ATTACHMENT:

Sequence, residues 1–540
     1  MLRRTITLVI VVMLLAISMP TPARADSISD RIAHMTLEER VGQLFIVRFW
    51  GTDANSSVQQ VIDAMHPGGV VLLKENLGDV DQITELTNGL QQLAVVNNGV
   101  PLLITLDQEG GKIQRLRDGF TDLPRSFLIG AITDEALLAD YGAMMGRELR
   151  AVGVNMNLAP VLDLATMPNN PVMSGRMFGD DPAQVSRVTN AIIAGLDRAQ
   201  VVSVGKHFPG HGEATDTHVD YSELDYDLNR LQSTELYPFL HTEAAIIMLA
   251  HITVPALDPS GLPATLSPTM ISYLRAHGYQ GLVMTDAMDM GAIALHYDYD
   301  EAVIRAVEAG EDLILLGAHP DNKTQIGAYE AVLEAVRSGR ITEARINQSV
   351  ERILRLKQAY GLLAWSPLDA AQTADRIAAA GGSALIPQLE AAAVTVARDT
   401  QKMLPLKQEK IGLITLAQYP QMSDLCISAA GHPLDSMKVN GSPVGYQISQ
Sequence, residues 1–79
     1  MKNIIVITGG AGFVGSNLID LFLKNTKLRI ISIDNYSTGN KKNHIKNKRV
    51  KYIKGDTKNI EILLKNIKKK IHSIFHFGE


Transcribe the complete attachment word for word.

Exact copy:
Sequence, residues 1–540
     1  MLRRTITLVI VVMLLAISMP TPARADSISD RIAHMTLEER VGQLFIVRFW
    51  GTDANSSVQQ VIDAMHPGGV VLLKENLGDV DQITELTNGL QQLAVVNNGV
   101  PLLITLDQEG GKIQRLRDGF TDLPRSFLIG AITDEALLAD YGAMMGRELR
   151  AVGVNMNLAP VLDLATMPNN PVMSGRMFGD DPAQVSRVTN AIIAGLDRAQ
   201  VVSVGKHFPG HGEATDTHVD YSELDYDLNR LQSTELYPFL HTEAAIIMLA
   251  HITVPALDPS GLPATLSPTM ISYLRAHGYQ GLVMTDAMDM GAIALHYDYD
   301  EAVIRAVEAG EDLILLGAHP DNKTQIGAYE AVLEAVRSGR ITEARINQSV
   351  ERILRLKQAY GLLAWSPLDA AQTADRIAAA GGSALIPQLE AAAVTVARDT
   401  QKMLPLKQEK IGLITLAQYP QMSDLCISAA GHPLDSMKVN GSPVGYQISQ
Sequence, residues 1–79
     1  MKNIIVITGG AGFVGSNLID LFLKNTKLRI ISIDNYSTGN KKNHIKNKRV
    51  KYIKGDTKNI EILLKNIKKK IHSIFHFGE